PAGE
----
I traded in the concrete canyons of my city this week for the mountains of western North Carolina. As part of a family birthday celebration, I attended a wildflower workshop in the Southern Appalachians, held at one of North Carolina’s grand old rustic resorts, High Hampton Inn, (described by one blogger as offering “Such peace for those who want to get away from television and phones and radios and other signs of commercialism”).
What is a wildflower workshop you may ask? I had no idea before I went. What I found was a serious-minded but light-hearted series of lectures by the director of the UNC, Chapel Hill Botanical Gardens. The attendees were serious amateur gardeners seeking to be able to identify wildflowers on their own. In between lectures there were field trips, to actual fields (what a concept).
As the old saying goes, a change is as good as a rest. Everything about this trip was a break from what I know. No television, no computer, no phones (or cell reception). The wildflower group ate together, and the conversation was often focused on plants and plant stories. Some of these people were repeat attendees, because the program is so excellent. They get very few Northerners, which is true to for the Inn itself. I was surrounded by those soft Southern accents, which made my clipped Northern speech seem very harsh.
The Blue Ride Mountains are beautiful but I glimpsed their dangerous power when a severe hail storm came out of nowhere. One minute the sky was blue, and with astonishing speed, dark clouds flew in and then exploded with fury. I could not help but think of the devastation in China, where the mountains lashed out and crumbled the man-made structures that had populated it. Man builds, but nature reigns.
The lectures taught me that man does more than build---he catalogs his world to create order and understand his surroundings. Part of this cataloging is the detailed science of botany. Not having a scientific mind in the least, what I enjoyed most from the lectures was their storytelling element, which I’ll illustrate here by the tale of the Oconee Bells, formally named Shortia galacifolia, something of a Southern hometeam favorite.
The botanist M.V. O'Gorman observed that Shortia galacifolia was "discovered by a man who didn't name it, named for a man who didn't see it, by someone who didn't know where it was."
It’s quite a backstory for a rare wild plant. It was first discovered by the great French botanist Andre Michaux in 1788. He brought back a fruiting specimen (an incomplete plant) to his Herbarium in Paris. It was there, in 1839 that Asa Gray—-the most important American botanist of the 19th century-—saw it. He was excited that there was an unclassified plant from the Southern Appalachians, and he and John Torrey named it Shortia galacifolia, the former in honor of the Kentucky botanist and physician Charles Short, and the latter for its resemblance to the foliage of the allied genus Galax.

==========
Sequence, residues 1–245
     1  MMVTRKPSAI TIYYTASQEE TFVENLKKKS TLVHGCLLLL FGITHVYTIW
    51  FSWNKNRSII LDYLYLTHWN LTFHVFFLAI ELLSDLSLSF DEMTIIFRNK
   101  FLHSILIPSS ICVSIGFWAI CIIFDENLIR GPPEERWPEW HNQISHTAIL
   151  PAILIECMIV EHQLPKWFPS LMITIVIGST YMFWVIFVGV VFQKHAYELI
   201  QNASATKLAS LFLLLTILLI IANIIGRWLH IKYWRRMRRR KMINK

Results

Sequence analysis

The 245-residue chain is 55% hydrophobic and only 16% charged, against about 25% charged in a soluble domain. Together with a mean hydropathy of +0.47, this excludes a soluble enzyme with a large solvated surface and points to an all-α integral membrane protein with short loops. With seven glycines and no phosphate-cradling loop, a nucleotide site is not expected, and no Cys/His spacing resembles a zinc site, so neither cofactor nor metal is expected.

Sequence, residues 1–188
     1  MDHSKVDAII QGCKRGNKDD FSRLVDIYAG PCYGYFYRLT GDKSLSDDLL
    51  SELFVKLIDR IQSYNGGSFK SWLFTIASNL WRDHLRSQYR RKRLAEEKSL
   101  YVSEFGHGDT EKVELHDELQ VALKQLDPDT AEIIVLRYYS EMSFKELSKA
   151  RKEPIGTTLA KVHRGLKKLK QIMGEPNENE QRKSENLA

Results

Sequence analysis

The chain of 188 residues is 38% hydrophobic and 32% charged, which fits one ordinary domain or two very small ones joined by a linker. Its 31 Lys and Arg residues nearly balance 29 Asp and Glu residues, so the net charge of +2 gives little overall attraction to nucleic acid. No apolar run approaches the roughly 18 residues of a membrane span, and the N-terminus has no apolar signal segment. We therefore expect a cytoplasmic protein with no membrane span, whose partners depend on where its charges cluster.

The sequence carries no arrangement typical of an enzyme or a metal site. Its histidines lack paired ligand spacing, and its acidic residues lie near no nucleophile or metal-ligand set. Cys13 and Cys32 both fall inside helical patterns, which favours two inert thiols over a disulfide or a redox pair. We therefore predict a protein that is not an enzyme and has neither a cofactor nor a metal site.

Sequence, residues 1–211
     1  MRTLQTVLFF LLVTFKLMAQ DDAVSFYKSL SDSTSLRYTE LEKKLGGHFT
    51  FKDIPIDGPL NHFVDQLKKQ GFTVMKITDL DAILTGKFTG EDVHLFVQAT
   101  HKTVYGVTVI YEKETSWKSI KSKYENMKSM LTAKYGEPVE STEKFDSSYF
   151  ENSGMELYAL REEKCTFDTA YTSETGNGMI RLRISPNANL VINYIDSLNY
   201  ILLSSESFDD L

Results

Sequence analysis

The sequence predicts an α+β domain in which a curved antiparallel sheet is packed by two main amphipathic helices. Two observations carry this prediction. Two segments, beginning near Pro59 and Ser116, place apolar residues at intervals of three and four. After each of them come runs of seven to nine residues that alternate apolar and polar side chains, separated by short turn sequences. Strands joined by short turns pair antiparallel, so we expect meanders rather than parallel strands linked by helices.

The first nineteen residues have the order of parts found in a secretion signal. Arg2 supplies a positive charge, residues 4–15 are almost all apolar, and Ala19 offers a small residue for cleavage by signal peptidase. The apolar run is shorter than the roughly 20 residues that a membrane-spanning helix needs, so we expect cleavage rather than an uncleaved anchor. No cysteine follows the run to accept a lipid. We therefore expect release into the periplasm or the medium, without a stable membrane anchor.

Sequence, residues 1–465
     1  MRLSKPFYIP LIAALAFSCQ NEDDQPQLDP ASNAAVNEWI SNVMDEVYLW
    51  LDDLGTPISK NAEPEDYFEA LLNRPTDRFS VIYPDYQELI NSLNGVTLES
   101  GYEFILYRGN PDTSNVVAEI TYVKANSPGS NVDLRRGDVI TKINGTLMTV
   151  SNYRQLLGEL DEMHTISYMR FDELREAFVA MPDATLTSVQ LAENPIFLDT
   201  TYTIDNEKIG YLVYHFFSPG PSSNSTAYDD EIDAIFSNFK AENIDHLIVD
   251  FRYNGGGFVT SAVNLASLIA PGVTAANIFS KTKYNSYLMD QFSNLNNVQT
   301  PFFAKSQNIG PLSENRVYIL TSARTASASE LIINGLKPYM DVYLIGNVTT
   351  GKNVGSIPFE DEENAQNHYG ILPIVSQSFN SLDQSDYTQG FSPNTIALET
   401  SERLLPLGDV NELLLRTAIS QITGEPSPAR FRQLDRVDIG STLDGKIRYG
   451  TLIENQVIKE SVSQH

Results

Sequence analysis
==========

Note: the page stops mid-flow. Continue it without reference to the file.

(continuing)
However, they never found actual living plants, as Michaux’s notes to where he had found them himself were confusing.
In 1877 it was finally rediscovered, by accident, by a kid in North Carolina.
From there it was embraced by mountain pop culture, dubbed Oconee Bells for the county where it can be found. It has been misspelled as Acony Bell, which is how Gillian Welch (who shared in a Grammy for the soundtrack of O Brother, Where Art Thou?) and David Rawlings spell it in their song.
There was so much to learn, on this vacation. I was glad to get home, where it’s easier for me to read the semiotics of the new Indiana Jones movie, than to identify a trillium on my own in the wild. The skills of either jungle are not very transferable.
"The fairest bloom the mountain know
Is not an iris or a wild rose
But the little flower of which I'll tell
Known as the brave acony bell
Just a simple flower so small and plain
With a pearly hue and a little known name
But the yellow birds sing when they see it bloom
For they know that spring is coming soon
Well it makes it's home mid the rocks and the rills
Where the snow lies deep on the windy hills
And it tells the world "why should i wait
This ice and snow is gonna melt away"
And so I'll sing that yellow bird's song
For the troubled times will soon be gone"